The Human Resource Managers usually makes the hiring decision in Ghana. Decisions concerning hiring managerial and professional employees are usually made by the senior management team together with the Human Resource Manager (Kamoche, 2004, 127-129).

The other function of HRM is the integration function, which entails the act of merging the goals of the workers with those of the company.

Integration in an organization is enhanced through such activities as handling the employees issues, encouraging employees to participate in decision making, resolving conflicts in a fair manner, providing the employees with counseling services as and when they requires among others.

The Ghanaian constitution have set provides regulatory framework regarding Human Resource Management so as to address such issues as HRM policies, employees rights, working environments etc. (Greene & Kirton,2010,6).

The maintenance functions of Human Resource Management. This function of HRM aims at ensuring that the employees well being is safeguarded. In Ghana, the senior leadership team in most organizational ensures that there are safe and secure working environments and this is important as it enhances the employees’ loyalty.

The senior leadership team should set up workers assistance Programmes in order to assist employees in dealing with challenges. The preference among managers and the preference among the employees as to how they wish to be managed interact with the cultural dimensions.

If management attempts to enforce culture that is unacceptable to employees, there will be a reaction such as sabotage of work etc. management should thus ensure that employee’s preferences are put into place to avoid a culture of conflicts (Singh, 2009, 30).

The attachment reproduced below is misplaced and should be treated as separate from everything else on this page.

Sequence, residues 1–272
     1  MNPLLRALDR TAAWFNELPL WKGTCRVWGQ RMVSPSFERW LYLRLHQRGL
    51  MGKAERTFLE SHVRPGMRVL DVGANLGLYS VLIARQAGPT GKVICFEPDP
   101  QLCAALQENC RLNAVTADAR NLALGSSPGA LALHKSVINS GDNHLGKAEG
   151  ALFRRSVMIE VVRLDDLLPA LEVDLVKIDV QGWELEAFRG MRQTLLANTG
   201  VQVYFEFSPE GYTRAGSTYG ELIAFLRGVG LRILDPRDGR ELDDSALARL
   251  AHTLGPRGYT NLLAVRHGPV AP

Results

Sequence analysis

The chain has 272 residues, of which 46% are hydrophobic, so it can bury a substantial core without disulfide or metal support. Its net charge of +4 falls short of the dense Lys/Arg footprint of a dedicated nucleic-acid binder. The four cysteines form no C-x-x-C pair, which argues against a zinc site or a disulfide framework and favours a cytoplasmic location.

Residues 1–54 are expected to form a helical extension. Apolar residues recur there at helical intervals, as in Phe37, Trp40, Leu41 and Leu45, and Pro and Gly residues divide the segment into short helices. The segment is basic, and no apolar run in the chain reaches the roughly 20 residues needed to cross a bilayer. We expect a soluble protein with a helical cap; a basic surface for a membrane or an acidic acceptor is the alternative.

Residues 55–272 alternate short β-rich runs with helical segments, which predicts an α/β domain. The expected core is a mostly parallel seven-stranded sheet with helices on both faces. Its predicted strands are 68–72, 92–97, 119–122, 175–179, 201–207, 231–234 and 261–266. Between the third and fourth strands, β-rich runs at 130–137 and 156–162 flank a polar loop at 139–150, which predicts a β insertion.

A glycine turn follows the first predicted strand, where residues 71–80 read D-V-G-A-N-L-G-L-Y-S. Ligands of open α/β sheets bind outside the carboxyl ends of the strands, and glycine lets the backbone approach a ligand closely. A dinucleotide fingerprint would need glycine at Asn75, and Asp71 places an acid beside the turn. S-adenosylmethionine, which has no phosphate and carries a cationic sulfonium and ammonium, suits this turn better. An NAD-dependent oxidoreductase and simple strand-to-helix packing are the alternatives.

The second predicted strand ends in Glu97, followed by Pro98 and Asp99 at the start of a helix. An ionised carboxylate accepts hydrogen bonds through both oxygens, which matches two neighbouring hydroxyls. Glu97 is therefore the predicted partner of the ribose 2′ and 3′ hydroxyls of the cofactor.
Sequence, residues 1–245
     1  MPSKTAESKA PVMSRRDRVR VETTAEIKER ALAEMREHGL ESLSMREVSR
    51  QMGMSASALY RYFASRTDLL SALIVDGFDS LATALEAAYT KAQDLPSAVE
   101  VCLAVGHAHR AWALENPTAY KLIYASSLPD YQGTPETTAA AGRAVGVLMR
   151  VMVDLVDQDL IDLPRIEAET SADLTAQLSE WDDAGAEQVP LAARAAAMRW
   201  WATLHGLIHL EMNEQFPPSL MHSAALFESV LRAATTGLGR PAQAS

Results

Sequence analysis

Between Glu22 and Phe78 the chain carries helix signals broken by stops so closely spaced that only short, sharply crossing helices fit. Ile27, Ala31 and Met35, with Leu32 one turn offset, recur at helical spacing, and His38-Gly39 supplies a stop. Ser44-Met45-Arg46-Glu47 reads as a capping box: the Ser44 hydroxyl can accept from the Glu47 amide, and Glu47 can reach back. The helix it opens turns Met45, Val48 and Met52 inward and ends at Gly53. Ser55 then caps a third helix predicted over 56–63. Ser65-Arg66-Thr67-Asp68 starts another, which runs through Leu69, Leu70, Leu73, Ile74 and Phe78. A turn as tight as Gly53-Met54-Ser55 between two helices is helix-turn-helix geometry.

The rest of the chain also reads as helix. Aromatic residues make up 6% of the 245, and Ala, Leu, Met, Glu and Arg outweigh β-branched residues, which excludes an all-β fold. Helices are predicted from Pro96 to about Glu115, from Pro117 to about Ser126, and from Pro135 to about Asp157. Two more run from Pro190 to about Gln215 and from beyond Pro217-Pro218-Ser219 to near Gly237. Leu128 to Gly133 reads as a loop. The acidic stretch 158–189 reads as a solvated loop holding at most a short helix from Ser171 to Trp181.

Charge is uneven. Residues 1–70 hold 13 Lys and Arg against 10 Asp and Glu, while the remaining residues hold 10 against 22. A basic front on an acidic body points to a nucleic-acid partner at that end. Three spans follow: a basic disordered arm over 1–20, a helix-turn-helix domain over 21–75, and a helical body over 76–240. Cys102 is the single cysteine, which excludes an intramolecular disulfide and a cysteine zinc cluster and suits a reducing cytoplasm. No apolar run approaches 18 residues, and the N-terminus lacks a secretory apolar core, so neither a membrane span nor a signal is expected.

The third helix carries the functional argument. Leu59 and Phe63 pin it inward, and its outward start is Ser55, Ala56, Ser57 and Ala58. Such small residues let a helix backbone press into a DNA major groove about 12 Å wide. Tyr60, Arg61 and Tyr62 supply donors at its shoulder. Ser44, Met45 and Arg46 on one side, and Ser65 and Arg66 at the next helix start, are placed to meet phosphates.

Challenges facing HRM in Ghana

The main challenges facing Human Resource Management in Ghana are; In Ghana, the Structural Adjustment Programs i.e. SAPs has brought about challenges for Human Resource Management in Ghana.

The Ghanaian government has over the years attempted to woo the foreign investors and this has made the Human Resource Managers to work hard in order to enhance the Human Resource Management practice as many organizations operates in an environment that is highly competitive(Hodgson & Willem, 1994,11).

Ghana is a developing country implying that there is the scope for developing HRM further is little because of inadequate expansion of Ghanaian economy. Despite the introduction of structural adjustment programs, the country has remained a rural economy that depends on export of commodities such as cocoa.

Manufacturing industries have significantly reduced over the years as a result of high rates of interest, competition from Japan and China, limited foreign exchange and lack of adequate infrastructure.